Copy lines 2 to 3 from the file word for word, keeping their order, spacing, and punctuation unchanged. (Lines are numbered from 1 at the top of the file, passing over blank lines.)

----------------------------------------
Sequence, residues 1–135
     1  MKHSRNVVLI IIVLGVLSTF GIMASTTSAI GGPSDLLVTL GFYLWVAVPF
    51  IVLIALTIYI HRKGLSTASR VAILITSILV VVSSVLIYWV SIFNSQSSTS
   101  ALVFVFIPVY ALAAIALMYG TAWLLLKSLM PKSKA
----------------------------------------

     1  MKHSRNVVLI IIVLGVLSTF GIMASTTSAI GGPSDLLVTL GFYLWVAVPF
    51  IVLIALTIYI HRKGLSTASR VAILITSILV VVSSVLIYWV SIFNSQSSTS